Integrating Exercise into your Personal Practice for a better
Physical, Emotional, and Spiritual life.
 

by Bobby Andrews, B.A. 

...

A bear, however hard he tries, grows tubby without exercise.
— A.A. Milne, 1882-1856, English writer
The two best exercises in the world are making love and dancing but a simple one is to stand on tiptoe.
— Barbara Cartland, 1901-2000, English writer

What you can expect from this article:

    1.    A unique, inspiring and helpful perspective on using exercise in a personal practice,
    2.    A long term resource,
    3.    Improved exercise selection, and results.


Part I - The Why

Why exercise is ripe.

Always desire to learn something useful.
— Sophocles, 496 BC, greek dramatist

Two reasons stand out, amongst many, as to why exercise is a solid choice for your personal practice.  First, it vests in you a wide range of subjective benefits - beyond the well known physical ones - that are incorporeal:  happiness, contentment, and spiritual.  Too often, exercise is perceived as a one off solution to a one off problem - a prescription.  It is far more capable and rewarding to the serious practitioner in the form of a life practice.  Secondly, it is adaptable to your personal needs over a long period of time - deep enough to grow, change, or morph alongside your personal evolution.  It is a faithful companion for the long haul.

Connection - the key ingredient

Health is the soul that animates all the enjoyments of life, which fade and are tasteless without it.
— Seneca, 4 BC – AD 65, ancient roman stoic

There is one thing you must do to successfully make exercise a part of your practice.

You must connect your personal philosophy and, or, spiritual beliefs with the exercise you choose.  By committing yourself on a deeper level you connect with the medium of your personal evolution - as though it’s holy.  

The person who successfully does this crosses the rubicon.  They no longer squabble with themselves, with others, or the idea of exercise.  Their mind burns passionately for the opportunity to grow, to evolve.  They believe in it, and this is what separates exercise-as-a-practice from the regular old exercise prescription ordered by your concerned doctor.

Removing the exercise phobia - channeling the benefits

Nothing is really work unless you’d rather be doing something else.
— J.M. Barrie, 1860-1937, scottish writer and dramatist
He who has a why to live can bear almost any how.
— Friedrich Nietzsche, 1844-1900 AD, german philosopher

The full scope of exercise benefits are illusory if you do not integrate it into your personal practice.  Unfortunately, for most people, not integrating exercise into a personal practice is exactly the case.  This is a subtle yet critical point.   Consider the type of questions asked by those who struggle with exercise: “Why is exercise so hard?”, “I’m too tired to exercise”, “How am I supposed to exercise when I’m so busy?”.  

Are those the questions of someone who sees exercise as a personal practice?  Who sees exercise as a medium for personal evolution?   Certainly not.  ‘Hard’, ‘tired’, ‘busy’ are nothing to a heart on fire - that passionate person who connects the action of exercise with their own philosophy or spiritual development.  

To state it positively:  adopt exercise as a part of your personal practice to make it stick, and experience the full ambit of benefits.  In this article we’ll explicitly state those benefits, and how to integrate exercise into your life as a practice -  so read on.

The benefits - a more comprehensive self

It takes more than just a good looking body. You’ve got to have the heart and soul to go with it.
— Epictetus, 55-135 AD, roman/greek stoic philosopher

Purposeful self-regulation of your body, through the medium of exercise, can yield tremendous benefits - especially if your practice is aimed at spiritual growth.  The principle of gratitude is what connects our exercise practice with the larger realm of benefits.  The following chart captures the full scope of benefits.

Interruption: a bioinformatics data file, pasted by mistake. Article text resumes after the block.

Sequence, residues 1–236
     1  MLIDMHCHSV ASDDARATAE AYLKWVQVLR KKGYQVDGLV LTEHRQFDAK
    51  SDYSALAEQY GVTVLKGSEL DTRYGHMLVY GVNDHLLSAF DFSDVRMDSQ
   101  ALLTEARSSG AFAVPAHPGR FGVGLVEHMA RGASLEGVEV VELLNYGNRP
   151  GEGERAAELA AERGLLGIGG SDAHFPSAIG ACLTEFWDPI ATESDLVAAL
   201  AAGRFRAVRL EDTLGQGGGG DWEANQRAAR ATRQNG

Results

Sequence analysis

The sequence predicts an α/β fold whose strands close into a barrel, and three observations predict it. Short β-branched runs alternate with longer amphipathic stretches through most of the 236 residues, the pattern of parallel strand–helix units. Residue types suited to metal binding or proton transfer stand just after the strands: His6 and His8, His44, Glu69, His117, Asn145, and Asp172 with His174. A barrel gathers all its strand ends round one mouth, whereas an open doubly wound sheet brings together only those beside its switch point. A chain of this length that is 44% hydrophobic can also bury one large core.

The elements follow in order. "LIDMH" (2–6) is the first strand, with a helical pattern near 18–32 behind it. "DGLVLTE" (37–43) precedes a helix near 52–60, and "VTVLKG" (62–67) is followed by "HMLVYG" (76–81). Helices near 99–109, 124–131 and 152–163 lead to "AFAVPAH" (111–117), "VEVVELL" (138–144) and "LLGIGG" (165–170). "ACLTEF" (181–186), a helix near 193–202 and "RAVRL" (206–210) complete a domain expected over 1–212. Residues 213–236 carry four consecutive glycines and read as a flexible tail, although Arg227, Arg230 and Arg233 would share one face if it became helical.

Physical

(Body)

1. Better Aesthetics

2. Better Performance

3. Better Health:
- longer lifetime - add 2 hours to your life for each 1 hour exercised

- control over body weight

- stronger bones and muscles, increased physical performance

- increased presence of endorphins

- increased physical relaxation

- improved sex drive

4. Increased Immunity
- lower risk of dementia

- prevent chronic illnesses associated with obesity

- lower risk of stroke

- lower risk of heart disease

- lower risk of type 2 diabetes

-

(Brain)

1. Immediate Health Benefit:
- increased brain power - via neurogenesis

- increased brains faculty of memory

- increased brains faculty of creativity and intuition

- slows cognitive decline

- better sleep patterns

Non-Physical

(Incorporeal)

1. Immediate Health Benefit:
- Morale
- Life satisfaction
- Happiness

2. Prevents Negative Mental States:
- depression
- anxiety
- anger
- stress

3. Improves Character:
- loving
- compassionate
- patience
- tolerance
- forgiveness
- contentment
- responsibility
- harmony
- concern for others
- fortitude

Spiritual

(Transcendental)

- deeper, more comprehensive self

- connectivity with life and others

- enlightenment - insight into a timeless transcendent reality


Part II - The How

Don’t let your special character and values, the secret that you know and no one else does, the truth - don’t let that get swallowed up by the great chewing complacency.
— Aesop, 620 BC, ancient greek fabulist

We’ve covered why exercise is a worthy medium for your personal practice and you are ready to take it on.  Yet you are left wondering “how”?  The next part of this article dives straight into answering that question.   What follows is our recommendation but you are free to create your own process of course.

4 Steps for adopting exercise into your personal practice:

    1.    Holistic self-assessment
    2.    Written non-physical, and physical goals
    3.    Establish commitment
    4.    Execution

Hey dude, weightlifting is way better than running, and running is better than playing a sport … right?
— The everyday conversationist

Objectively exercise 1 is the same as exercise 2.  It is neither better, nor worse.  And so on with exercise 3, 4, 5, 6, ad infinitum.  Each exercise just is.  We cannot refer to an exercise as either good or bad until we introduce the practitioner - that is, you.  You are the reference point upon which all value is assigned to any particular exercise.  

In order to find the best exercise we need to find out who you are, what your goals are, and how you want to evolve.  Finding this out requires some serious self-reflection on your part but it’s worth it.   Let’s get started.

Step 1 - Holistic self-assessment (2 hours)

From one learn all
— Virgil, 70 BC, ancient roman poet

Set a couple hours aside and bring a pen, notepad, tape measure, and weight scale - if you can find one.  You’ll probably need some help to take body measurements so find a friend who is supportive but quiet while you work through your self-assessment.